Client - Westaff
Assignment - Westaff, a temporary staffing agency with over 350 branch offices, provides essential clerical and light industrial support throughout the United States. Just a few years ago, the company selected front office, staffing software that was then being rolled out to its branches. Midway through the phased implementation, the software vendor changed its focus, obligating Westaff to reconsider its plans. Since the software was already outdated and under-powered, they opted to select a new product.
Challenge - Responding to the need to keep its software current, Westaff was in the middle of upgrades to several back office applications. This caused the internal staff to be overextended. Additionally, extreme diplomacy had to be employed in this selection, as the current system was actively being deployed. Any new system would have to be demonstratively stronger, provide much more functionality, and substantially ease the workload in the field office.
Solution - JAT immediately recognized a unique need at Westaff and assembled two teams. A small, core team was mustered to be involved in the project on a day-to-day basis. A second, larger team of over 30 Westaff business experts was drafted to work on an as-needed basis. This efficiency allowed the project to move forward, at an accelerated pace, while still letting the majority of the team continue with its normal duties.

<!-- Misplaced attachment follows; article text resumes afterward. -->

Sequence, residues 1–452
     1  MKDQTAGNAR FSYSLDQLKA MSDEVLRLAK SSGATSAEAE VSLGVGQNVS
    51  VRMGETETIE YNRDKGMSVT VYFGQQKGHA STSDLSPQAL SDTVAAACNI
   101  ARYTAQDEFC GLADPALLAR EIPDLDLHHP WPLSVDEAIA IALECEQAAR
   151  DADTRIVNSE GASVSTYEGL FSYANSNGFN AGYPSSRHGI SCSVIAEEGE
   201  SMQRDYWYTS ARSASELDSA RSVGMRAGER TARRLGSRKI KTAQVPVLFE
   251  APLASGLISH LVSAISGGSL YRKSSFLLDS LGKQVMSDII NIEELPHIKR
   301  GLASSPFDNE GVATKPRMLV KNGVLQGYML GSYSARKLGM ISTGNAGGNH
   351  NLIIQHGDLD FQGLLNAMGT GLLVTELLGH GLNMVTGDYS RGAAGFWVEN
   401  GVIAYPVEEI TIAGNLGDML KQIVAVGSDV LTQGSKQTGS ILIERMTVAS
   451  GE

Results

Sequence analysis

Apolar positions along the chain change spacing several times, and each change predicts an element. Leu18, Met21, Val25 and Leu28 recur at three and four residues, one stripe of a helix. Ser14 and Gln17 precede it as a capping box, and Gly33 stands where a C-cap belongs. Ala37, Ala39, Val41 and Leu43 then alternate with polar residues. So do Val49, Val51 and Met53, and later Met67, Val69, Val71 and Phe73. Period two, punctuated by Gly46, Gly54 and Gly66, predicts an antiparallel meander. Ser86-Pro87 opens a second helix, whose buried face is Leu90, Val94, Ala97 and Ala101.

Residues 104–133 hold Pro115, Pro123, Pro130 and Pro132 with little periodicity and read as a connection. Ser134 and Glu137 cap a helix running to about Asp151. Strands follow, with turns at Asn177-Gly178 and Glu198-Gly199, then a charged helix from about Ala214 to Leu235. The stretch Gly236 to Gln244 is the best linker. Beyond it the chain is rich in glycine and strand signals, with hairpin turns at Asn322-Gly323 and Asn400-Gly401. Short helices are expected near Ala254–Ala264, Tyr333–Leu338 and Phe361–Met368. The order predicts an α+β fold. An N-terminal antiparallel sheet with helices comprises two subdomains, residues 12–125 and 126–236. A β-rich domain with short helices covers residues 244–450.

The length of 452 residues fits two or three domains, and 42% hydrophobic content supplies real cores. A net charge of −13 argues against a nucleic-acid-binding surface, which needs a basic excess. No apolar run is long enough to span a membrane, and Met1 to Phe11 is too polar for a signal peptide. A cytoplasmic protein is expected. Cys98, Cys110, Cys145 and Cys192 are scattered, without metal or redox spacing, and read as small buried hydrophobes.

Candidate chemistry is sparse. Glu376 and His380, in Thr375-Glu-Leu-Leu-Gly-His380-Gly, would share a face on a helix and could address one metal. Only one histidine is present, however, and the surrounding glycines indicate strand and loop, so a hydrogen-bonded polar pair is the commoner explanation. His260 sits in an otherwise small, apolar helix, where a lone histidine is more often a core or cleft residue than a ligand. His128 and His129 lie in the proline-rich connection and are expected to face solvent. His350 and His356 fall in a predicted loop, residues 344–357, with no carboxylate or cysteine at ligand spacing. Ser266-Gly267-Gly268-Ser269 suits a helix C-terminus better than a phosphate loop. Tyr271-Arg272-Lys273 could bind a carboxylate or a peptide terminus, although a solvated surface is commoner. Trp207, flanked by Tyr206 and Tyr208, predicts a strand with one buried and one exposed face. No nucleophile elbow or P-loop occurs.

With the teams in place, JAT began the process of determining requirements. Interviews were conducted with the corporate staff involved in the previous selection. JAT visited several field offices to gather their ideas and to garner their support. Other internal departments, which had been excluded from previous selections, were solicited for their contribution. Finally, a comprehensive RFI was developed.
Since Westaff had already selected three vendors it wanted to consider, JAT managed the process of creating a level playing field that allowed them to be equally compared. Three scripted, all-day demonstrations were conducted during which time the teams ranked the specifics.
Results - At the end of the process, the perceived favorite had dropped out of first place. This was due to several obscured, but substantial flaws that were exposed during the selection. JAT was delighted, upon presentation of its findings, to discover that the majority of the team had come to a similar conclusion but was unable to quantify its perception.